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Title: Investigation of the cell biology of human regulatory T cells in the context of transplantation
Author: Milward, Kate
ISNI:       0000 0004 6497 0815
Awarding Body: University of Oxford
Current Institution: University of Oxford
Date of Award: 2016
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Regulatory T cells (Tregs), lymphocytes that suppress immunological reactions, are of great interest for our comprehension of basic immunology and as a therapeutic agent to treat immune-mediated pathologies. Understanding the physiology of these cells will help to inform clinical strategies targeting Tregs. In order to study the homing of human Tregs, we utilised genetic engineering to drive expression of fluorescent protein in human Tregs, permitting in vivo cell tracking. We optimised a protocol for lentivirus-mediated transduction of human Tregs during in vitro expansion, to generate high yields of stably-engineered cells. After infusing labelled cells into a humanised mouse model of skin allotransplantation, we detected human Tregs within a human skin graft by PCR and visualised Tregs moving in the graft, in a live mouse, by two-photon microscopy. Through reverse genetic analyses, we explored molecular mechanisms that allow Tregs to respond adaptively to environmental cues. Neuropilin-1 (NRP1), a transmembrane co-receptor, has been implicated in the function of mouse Tregs. Tregs transduced with shRNA to knock down NRP1 were severely impaired in their capacity to suppress cell proliferation in vitro and to prolong allograft survival in a humanised mouse model. qRT-PCR analysis revealed that transcription the gene encoding the anti-inflammatory cytokine IL-10, and the autophagy-associated genes BECN1, COPS4 and MAP1LC3B, was significantly diminished in NRP1-deficient Tregs. We concluded that in human Tregs, NRP1 is necessary for suppressive function, most likely via regulation of NRP1-dependent regulation of cytokine production and metabolism. Having identified a molecular target via which Treg function might be potentiated, we explored methods to target such molecules for cell therapy applications. Tregs engineered to over-express IL-10, but not NRP1, exerted significantly enhanced suppression of cell proliferation in vitro. Thus, relatively straightforward genetic engineering, compatible with generation of therapeutic cell yields, could be exploited to improve the efficacy of Treg cellular therapy.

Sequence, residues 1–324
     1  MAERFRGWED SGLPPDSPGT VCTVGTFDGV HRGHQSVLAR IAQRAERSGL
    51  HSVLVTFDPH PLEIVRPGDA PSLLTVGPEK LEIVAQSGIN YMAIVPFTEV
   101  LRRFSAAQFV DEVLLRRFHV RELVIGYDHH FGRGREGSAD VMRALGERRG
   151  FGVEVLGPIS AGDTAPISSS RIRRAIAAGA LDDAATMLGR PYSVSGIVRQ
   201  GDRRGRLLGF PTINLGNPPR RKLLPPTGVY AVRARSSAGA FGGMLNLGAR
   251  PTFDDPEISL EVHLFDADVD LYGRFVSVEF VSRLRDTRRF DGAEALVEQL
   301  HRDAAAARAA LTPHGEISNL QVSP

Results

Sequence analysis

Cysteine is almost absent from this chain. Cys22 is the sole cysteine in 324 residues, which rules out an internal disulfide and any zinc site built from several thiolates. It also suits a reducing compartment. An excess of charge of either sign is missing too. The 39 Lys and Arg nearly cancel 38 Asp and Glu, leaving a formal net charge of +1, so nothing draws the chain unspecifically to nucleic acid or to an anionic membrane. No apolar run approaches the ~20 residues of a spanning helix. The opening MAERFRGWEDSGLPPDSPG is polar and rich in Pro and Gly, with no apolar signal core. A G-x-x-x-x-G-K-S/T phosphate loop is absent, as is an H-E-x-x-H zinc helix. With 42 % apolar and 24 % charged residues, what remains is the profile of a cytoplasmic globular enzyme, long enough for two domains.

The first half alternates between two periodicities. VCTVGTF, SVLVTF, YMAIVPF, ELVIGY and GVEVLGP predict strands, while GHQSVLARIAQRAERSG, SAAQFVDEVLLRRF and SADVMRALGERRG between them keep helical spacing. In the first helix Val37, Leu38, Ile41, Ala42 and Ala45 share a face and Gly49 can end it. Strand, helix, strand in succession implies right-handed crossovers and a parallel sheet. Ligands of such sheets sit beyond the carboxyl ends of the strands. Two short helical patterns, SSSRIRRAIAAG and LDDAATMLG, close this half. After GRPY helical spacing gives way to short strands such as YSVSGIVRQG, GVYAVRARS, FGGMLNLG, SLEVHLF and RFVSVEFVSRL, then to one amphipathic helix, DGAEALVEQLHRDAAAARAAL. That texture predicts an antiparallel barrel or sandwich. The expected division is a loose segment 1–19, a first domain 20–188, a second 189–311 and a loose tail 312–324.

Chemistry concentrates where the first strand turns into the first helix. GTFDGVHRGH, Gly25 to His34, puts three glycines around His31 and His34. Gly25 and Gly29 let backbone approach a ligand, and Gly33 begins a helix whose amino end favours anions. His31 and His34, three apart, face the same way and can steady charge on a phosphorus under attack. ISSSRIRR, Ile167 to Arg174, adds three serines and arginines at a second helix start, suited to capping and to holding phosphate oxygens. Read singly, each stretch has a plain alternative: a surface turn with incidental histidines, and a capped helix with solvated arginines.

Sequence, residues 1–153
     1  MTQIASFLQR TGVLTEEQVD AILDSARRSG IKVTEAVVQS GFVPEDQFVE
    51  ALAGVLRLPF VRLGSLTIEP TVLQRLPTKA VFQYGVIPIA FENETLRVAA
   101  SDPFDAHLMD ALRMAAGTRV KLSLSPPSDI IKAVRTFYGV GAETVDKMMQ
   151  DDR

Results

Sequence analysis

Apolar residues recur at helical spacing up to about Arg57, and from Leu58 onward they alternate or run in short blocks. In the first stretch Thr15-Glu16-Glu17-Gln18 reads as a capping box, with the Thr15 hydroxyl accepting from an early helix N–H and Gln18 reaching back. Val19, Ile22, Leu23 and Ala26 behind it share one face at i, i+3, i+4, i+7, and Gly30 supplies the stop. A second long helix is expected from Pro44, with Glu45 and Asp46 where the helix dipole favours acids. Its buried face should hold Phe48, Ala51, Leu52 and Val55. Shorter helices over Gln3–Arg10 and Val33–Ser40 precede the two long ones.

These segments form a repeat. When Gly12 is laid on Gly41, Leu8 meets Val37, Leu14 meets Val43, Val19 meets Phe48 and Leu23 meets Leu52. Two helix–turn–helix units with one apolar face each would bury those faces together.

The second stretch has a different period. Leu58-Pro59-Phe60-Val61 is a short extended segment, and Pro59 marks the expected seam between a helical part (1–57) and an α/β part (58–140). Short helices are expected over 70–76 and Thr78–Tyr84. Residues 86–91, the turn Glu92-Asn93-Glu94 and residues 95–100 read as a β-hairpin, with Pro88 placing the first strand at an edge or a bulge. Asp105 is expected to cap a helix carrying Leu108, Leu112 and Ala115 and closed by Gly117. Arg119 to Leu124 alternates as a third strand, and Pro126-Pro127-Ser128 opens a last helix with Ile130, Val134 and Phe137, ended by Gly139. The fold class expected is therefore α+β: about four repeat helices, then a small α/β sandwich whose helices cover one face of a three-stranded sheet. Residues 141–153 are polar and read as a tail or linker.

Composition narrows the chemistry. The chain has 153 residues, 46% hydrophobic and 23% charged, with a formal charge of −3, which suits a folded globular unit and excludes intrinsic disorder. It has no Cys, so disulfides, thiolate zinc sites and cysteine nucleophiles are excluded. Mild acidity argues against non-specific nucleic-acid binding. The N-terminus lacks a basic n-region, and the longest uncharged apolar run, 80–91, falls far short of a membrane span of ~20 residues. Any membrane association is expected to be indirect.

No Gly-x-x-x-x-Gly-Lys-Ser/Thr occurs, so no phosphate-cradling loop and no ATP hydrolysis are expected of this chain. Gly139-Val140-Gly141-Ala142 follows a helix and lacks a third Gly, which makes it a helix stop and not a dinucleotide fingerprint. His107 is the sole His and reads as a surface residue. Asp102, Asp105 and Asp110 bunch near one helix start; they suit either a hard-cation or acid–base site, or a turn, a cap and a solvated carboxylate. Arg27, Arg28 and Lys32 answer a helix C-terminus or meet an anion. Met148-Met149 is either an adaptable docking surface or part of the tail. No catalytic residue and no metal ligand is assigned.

Supervisor: Hester, Joanna ; Wood, Kathryn Sponsor: British Heart Foundaiton
Qualification Name: Thesis (Ph.D.) Qualification Level: Doctoral
EThOS ID:  DOI: Not available
Keywords: Transplantation immunology ; transplant ; graft rejection ; allograft ; transplantation ; immunology ; immunoregulation ; Tregs ; cell therapy ; human immunology ; immune ; regulatory T cells ; humanised mouse model